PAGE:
I won’t focus on the sad story that my marriage ended up playing out. Instead, I’ll tell you about some of the greatest lessons that I’ve learned in the year that I will always remember. Before I go on, I need to tell you that this is not a “I hate my ex” blog post, no, this is more of a “this is my blog so I can say what I want” type instead.
Lesson #1: Life doesn’t always go the way you plan it to
During the early stages of my marriage break-up, I was a devastated and desperate woman. I was in shock when I realised my marriage was about to end. On the outside I looked normal, but privately, I was so heartbroken and confused as to what my life was going to be like from now on. How the hell was I going to face my children and tell them that their parents were splitting up? Should we move back home to South Auckland and try to rebuild our lives? Should I chuck in my studies, now that I was to be a solo-mother of 3 kids and find a job? So many thoughts racing through my mind, every hour, every day, and the number one question: How did my marriage get to this point? I am a meticulous planner. I am not big on last minute events, or impromptu day trips/holidays. I am not a control freak, but I choose to be well-organised so that I can make the most of my time doing things that will benefit the lives of me and my children. I’ve watched others lose so much time, money and freedom because of the way they go about their day/week/year with no ‘goal’ in mind. I didn’t plan my marriage breakup though. It took me by surprise (ps. I don’t like surprises) and I was not prepared for the emotions that I dealt with in the aftermath. During this time, I was in denial about everything, but eventually as the weeks went by the denial subsided and was replaced with anger. I just could not accept the fact that after all these years of being loyal, committed and forgiving to this one person, he gave no second thought to his actions when he decided to screw me over. This was not the marriage that I planned.
Lesson #2: Great friends – REAL friends – are hard to find, but easy to keep
Looking back, I cannot believe that I made it through this whole experience with my mental state intact – my broken heart is no more. I’ve always known who my real friends are. While I have maintaned a great relationship with my childhood friends in South Auckland, I have also been a part of an amazing circle of friends here in Melbourne. Although my marriage has suffered many breakdowns (too many to allow to be honest), these sisters (and brothers) have stuck by me, picked me up and helped me get through the maze. Without their support, I would not have had the courage to look for my happy ending that I know I deserved. I also sought spiritual and psychological help to get me through and I am a much happier and confident woman because of it. My support system was there when I needed to vent out my fustrations, they were there when my children needed extra support to help them understand what was happening, and they were there to shield me from those who were only in my life for material reasons. I decided to chuck out those who had their own hidden agendas on my life. Maybe one day in the not-too-distant future, when they get their heads out of their asses, I may be more accepting of their flaws. But at this point in my life, i just cant accommodate those who continue to just take, take, take from me without any real desire to have a friendship with me. I Thank you.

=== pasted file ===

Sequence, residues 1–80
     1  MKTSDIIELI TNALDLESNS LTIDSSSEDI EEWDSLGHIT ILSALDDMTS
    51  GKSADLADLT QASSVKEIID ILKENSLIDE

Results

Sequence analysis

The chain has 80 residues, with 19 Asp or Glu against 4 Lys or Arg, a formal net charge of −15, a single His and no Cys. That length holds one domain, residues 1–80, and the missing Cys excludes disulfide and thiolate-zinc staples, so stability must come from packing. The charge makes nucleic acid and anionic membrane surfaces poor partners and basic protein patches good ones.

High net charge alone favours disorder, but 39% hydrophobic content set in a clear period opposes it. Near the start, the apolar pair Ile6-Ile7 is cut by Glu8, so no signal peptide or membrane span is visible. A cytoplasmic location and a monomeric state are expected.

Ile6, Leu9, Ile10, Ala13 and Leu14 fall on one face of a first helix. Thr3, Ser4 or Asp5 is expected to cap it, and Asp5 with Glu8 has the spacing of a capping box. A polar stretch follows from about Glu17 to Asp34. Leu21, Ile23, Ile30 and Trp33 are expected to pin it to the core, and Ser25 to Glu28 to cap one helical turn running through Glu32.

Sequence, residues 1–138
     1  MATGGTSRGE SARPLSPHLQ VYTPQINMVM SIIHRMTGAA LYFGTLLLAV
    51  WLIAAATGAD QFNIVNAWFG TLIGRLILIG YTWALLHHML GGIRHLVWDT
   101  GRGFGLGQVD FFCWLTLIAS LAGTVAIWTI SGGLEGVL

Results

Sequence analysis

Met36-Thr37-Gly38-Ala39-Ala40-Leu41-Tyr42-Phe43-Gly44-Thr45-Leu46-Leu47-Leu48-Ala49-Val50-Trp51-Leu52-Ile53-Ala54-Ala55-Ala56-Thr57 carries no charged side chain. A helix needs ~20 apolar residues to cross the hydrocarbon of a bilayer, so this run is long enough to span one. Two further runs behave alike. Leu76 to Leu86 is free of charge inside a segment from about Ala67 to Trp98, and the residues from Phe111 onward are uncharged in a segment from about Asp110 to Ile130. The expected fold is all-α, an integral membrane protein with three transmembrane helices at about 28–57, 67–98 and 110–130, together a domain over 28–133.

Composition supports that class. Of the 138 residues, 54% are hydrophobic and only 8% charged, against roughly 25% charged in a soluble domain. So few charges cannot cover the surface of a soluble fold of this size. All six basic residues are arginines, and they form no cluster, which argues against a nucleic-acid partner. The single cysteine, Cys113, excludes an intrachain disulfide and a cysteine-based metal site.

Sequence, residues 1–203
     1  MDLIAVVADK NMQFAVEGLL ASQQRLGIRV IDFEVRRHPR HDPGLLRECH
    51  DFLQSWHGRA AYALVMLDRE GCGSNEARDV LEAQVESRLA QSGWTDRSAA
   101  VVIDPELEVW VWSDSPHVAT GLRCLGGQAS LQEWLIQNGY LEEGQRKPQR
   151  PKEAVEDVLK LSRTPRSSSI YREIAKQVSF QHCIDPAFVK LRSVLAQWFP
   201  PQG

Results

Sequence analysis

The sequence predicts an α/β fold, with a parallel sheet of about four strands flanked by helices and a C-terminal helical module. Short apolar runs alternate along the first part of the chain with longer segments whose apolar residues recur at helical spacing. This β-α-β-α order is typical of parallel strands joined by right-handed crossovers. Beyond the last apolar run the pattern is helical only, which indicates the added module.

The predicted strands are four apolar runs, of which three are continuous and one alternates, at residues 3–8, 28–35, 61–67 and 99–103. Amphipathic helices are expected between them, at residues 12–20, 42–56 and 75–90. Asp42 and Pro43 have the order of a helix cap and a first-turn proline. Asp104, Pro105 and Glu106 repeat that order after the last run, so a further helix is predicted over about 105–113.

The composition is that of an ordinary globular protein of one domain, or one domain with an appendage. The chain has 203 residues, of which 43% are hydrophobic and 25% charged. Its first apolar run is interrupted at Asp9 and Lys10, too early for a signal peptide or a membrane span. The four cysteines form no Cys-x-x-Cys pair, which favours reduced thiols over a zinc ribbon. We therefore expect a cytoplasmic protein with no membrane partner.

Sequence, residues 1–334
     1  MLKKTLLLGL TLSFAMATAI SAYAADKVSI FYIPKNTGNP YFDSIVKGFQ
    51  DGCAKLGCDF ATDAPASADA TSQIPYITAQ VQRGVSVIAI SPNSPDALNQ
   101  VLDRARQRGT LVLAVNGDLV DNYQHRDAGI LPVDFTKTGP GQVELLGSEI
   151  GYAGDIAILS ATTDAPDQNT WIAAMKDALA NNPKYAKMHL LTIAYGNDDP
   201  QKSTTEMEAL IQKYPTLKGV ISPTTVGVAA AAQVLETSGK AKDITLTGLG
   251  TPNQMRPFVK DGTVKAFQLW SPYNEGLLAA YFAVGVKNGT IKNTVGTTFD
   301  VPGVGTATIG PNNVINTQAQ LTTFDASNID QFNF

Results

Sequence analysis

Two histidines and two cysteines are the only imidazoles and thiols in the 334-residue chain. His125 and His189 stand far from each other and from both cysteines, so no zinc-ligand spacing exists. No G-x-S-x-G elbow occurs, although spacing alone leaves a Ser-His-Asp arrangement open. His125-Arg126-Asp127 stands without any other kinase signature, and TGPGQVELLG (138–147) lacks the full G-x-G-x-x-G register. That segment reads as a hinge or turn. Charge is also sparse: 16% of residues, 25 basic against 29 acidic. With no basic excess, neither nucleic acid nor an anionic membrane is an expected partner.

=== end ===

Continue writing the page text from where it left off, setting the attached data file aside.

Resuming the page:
Lesson #3: Acceptance is key
A few months after my marriage ended (around June/July) I woke up one day and said to myself (to my mirror) “Rita…git…your…shit…together”. And that was it. I promised myself that I was gonna move on with my life, and live it the way that I intended to when I was a naive and hopeful young adult. I realised that you can’t make someone be with you, if they don’t want to. You can only try for so long, to try and make them see that you guys are great together, but it is all in vain and a wasted effort when year by year, he refuses to acknowledge your part in his life, and only brings you in when it suits him. So I accepted that this was it. And that was all I needed to do to be able to move on – I cannot express how liberating it felt when I learned this lesson. My friendship with the ex is at a great place right now, because I accepted that I just wasn’t the woman for him. I don’t blame him, I’m not holding any anger towards him, I’ve just accepted (there’s that word again) that if he tried his best to be my husband, then this was his best and I have to accept that J
Lesson #4: You MUST pick up your balls, and move on